by Jason Phillips
“Kids can smell our parental agendas,” said Dr. Alex Russell during his talk at Dundas Valley Montessori School on Wednesday, April 17. “I was this close to being a crazed hockey dad,” he confessed while explaining to parents and educators the importance of allowing children to grow up with appropriate amounts of anxiety.
Peppering his talk with illustrative personal anecdotes and cases from his clinical practice, Dr. Russell described how anxiety is something that parents need to identify and manage, and that kids be allowed to experience.
“The world is a place to play, and to take on frustration,” said Russell. “Kids need to develop frustration tolerance.”
Frustration tolerance is developed by allowing children to experience anxiety-inducing situations without unnecessary intervention from parents or adults. It is OK to be anxious, but “parents must manage their anxiety to allow kids to go out in the world and experience it,” he said.
“The most important part of parenting is recognizing and validating your kids experiences, what is called ‘minding’ children — keeping them in mind.”
“We want children to take on anxiety in adaptive ways,” Russell explained. He told the story of his own son receiving his driver’s license and having his first brush with the police. His son then became somewhat anxious about the police and traffic laws and became a more cautious driver. According to Russell, “This is good anxiety.”
Drawing from his clinical practice, Russell recounted the case of a boy who was disinterested in, and disengaged from, following school and career paths. From this boy, Russell learned a metaphorical phrase that he uses to describe the dominant anxiety facing children today: “the looming conveyor belt of life.”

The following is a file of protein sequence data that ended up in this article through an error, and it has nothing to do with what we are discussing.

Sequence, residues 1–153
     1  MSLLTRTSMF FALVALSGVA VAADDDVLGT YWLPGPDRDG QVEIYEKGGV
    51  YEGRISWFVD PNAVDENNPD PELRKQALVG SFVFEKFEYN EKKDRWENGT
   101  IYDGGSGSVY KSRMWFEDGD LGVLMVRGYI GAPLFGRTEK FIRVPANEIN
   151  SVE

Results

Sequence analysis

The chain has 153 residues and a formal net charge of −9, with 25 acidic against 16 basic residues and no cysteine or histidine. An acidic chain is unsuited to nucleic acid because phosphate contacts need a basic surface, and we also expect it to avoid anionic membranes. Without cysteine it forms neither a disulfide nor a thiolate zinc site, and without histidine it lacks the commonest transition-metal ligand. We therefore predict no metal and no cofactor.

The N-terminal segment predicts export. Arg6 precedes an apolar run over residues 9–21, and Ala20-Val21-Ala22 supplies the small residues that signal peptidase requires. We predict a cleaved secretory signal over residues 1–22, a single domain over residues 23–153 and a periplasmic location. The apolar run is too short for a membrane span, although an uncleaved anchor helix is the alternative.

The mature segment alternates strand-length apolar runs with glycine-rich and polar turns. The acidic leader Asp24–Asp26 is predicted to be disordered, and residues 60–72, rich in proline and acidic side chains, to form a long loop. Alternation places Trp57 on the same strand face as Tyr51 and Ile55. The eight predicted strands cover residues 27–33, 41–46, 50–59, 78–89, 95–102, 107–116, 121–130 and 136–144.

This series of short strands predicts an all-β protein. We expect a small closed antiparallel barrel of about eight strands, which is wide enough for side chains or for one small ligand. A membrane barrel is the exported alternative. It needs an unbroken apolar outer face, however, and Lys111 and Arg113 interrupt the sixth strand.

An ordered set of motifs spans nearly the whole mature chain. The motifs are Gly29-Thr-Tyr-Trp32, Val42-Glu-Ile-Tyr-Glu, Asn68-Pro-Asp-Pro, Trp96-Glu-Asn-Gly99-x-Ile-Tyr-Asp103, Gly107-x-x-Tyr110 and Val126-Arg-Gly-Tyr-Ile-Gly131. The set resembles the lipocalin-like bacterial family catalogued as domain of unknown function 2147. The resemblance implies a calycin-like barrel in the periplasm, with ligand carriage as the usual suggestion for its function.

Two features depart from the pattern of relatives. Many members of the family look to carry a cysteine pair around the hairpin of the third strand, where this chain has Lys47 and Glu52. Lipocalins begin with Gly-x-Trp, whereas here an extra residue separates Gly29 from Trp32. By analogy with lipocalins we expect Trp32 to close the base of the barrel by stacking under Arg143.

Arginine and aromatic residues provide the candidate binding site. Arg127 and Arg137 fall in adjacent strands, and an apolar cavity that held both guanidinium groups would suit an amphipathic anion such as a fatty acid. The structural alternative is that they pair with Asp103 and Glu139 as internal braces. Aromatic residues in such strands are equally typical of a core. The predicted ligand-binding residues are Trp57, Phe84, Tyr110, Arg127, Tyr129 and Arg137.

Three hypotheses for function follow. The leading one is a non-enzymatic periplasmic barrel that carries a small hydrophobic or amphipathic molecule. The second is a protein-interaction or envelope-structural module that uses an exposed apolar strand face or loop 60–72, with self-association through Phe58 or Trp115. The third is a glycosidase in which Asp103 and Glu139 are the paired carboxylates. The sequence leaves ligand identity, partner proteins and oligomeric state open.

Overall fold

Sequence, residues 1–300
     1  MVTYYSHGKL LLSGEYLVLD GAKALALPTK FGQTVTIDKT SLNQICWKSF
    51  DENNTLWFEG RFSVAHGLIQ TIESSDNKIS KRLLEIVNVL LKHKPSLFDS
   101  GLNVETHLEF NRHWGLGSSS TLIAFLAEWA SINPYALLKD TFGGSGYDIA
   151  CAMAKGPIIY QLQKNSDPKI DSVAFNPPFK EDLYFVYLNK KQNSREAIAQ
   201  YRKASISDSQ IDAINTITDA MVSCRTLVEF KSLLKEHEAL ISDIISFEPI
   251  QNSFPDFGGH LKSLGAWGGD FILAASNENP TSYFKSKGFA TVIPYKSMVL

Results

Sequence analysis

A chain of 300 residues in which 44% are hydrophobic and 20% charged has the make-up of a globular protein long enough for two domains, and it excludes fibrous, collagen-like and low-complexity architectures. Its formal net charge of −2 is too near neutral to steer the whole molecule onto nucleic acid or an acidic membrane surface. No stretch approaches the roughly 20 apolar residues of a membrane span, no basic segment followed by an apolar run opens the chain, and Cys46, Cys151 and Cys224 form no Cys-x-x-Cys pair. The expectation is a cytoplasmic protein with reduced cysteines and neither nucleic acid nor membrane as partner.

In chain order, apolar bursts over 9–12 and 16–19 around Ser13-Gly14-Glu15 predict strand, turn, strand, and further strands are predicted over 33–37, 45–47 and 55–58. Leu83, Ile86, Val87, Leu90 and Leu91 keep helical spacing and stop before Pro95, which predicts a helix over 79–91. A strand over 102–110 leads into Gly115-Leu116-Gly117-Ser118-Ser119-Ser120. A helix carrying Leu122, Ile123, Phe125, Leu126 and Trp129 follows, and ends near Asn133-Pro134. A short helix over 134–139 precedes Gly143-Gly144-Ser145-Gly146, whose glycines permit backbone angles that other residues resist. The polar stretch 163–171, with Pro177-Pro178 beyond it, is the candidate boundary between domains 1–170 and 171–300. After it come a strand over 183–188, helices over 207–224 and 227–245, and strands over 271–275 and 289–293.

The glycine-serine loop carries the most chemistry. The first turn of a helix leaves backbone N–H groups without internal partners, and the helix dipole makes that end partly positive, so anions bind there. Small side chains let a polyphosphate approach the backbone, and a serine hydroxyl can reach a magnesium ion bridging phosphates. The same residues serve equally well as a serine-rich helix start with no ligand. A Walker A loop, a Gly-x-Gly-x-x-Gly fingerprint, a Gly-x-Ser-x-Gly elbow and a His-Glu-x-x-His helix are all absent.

The conveyor belt carries kids along a prescribed path of “should” and “expectation” — parent and teacher “shoulds” and “expectations.” It “travels the path of marks equal money,” Russell explained. “Attempts to meet these expectations lead to anxiety.”
“Boys tend to want to just jump off the conveyor belt, avoid it,” he said. “They maybe don’t have enough anxiety.”
This explains the preponderance of boys seeking solace in video game worlds, for example, explained Russell.
“Girls cope by running on the belt as fast as possible, too much anxiety,” said Russell.
Regardless of how kids seek to cope, “children are growing up in adult-controlled realities in a way that is unprecedented. Children with panic disorders are more common in clinical practice.”
“Unique to this generation of parenting are heightened feelings that our kids behaviour reflects on us as parents,” said Russell, explaining how and why children’s contemporary realities are so “adult-controlled.” We worry that what our kids do (or don’t do), and what they become (or don’t), says something about our identities, both publicly and personally. We become so worried that we try to exert control over our children’s lives to such a degree that “children don’t have a chance to develop their own relationships with the world,” says Russell.
It’s not all bad news, though. Russell also points out that the current generation of parents are “also the best parents ever. We have access to an abundance of information about parenting.” Trying to negotiate this abundance of information is difficult. There is so much that parents can do for their children that it is easy to find ourselves overly controlling our children’s realities before we even realize it — such as being “this close to being a crazed hockey dad,” when all you really want is for your kid to have the best, most advantageous experience possible.
“Parents need to recognize and identify their feelings in order to control them,” says Russell. “Natural consequences are how we learn. Kids need to learn how to manage themselves in reality, not how to manage their parents reactions.”
That bears repeating:
Kids need to learn how to manage themselves in reality, not how to manage their parents reactions.